Some folks over at Vox decided they were not satisfied Kathy Bates’s Twitter announcement that she is, indeed, attempting a hardcore Highlandtown accent for her role as a bearded lady on American Horror Story. So they enlisted the help of a linguist to go deeper into this particular attempt at dialect. The answer? Baltimore, yes — but also “back vowel-fronting,” it turns out.

Linguist Kara Becker points out that Bates’s accent sounds weird because she’s not a native speaker: “So she’s using the ‘right’ features, but she’s not a native speaker. Like most people who are not native speakers, when they put on accents, it’s not going to sound exactly right.”

The key feature of the Baltimore accent is identified by a sound change called “fronting back vowels.” It’s an accent feature that probably started in the South, according to Becker, where vowels that are usually pronounced with the tongue in the back of the mouth (like the “oo” in goose”) are instead pronounced with the tongue in the front (“gewse”).

Becker also points out that one reason so many people outside of Baltimore were baffled by Bates’s accent is less because she’s doing a bad job, and more because “the larger television audience is not that familiar with a working-class Baltimore accent.”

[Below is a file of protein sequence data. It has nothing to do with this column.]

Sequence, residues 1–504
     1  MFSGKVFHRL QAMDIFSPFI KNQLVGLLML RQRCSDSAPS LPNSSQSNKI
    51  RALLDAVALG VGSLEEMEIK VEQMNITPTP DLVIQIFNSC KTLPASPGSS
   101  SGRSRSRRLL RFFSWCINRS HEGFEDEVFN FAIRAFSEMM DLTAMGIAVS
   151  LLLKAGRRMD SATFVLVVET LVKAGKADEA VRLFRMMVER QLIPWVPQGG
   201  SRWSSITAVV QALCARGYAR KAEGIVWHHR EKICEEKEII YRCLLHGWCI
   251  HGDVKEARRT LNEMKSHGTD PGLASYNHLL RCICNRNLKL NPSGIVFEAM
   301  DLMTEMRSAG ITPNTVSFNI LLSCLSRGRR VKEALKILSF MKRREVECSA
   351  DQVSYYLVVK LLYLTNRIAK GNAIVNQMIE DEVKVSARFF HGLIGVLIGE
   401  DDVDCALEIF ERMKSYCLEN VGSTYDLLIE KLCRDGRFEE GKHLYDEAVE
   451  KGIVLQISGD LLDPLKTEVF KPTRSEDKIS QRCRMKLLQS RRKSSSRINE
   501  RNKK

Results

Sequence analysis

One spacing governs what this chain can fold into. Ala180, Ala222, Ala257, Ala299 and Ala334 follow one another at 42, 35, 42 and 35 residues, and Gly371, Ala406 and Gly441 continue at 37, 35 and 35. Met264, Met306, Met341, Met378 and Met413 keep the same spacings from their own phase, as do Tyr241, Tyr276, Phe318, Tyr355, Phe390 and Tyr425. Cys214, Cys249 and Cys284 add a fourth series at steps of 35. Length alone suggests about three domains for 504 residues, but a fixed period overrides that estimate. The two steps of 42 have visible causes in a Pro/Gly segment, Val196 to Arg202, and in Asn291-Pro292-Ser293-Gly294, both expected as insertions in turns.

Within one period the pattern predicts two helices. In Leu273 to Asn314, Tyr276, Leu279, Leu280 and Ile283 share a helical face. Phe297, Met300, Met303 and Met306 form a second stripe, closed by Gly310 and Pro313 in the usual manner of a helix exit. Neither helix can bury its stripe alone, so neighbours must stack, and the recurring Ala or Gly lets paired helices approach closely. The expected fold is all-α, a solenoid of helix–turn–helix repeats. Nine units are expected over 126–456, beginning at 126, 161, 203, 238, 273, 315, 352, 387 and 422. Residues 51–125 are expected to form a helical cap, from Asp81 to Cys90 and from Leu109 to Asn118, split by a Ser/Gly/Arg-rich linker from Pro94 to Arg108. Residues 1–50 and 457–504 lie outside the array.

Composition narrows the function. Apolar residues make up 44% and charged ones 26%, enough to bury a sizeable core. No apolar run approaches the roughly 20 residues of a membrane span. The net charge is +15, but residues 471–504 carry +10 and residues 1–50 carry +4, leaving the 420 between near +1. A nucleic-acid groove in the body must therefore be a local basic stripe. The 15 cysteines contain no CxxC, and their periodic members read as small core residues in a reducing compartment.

9 replies on “A Linguist Explains the Baltimore Accent (and Kathy Bates)”

  1. My daughter is “making” me watch AHS with her and the only thing that gets me past that friggin’ terrifying clown is listening to Kathy Bates. She is fantastic and her Bawlermerese lightens the load of that …clown.

    1. Let me guess, you’re from the county? She’s over doing it but BARLEY. Head down to Hamden or spead an hour with my Overlea raised grandmother and you’ll realize this is pure Balmer hon.

    2. Also AA County = not Baltimore. Chesapeake Bay = Not Baltimore. Gotta love everyone from within 100 miles of Towson claiming Baltimore.

  2. I live in Hampden and I think she is over doing it a bit. It almost sounds like a parody of a Baltimorean accent. It is, however, starting to warm up on me but only because I think I’m getting used to it. But the first time I heard it, it was kind of grating.

  3. If you don’t think that is a Baltimore accent, please come to east Baltimore and the towns that border the city there. Her accent is almost perfect.

  4. Baltimore accents do not sound like that, only if you live downtown. Baltimore accents make the i in Baltimore into an ah sound so its like baltahmore or baltemore and usually use words like sick and mean as a good thing. I know because I am from Baltimore city.

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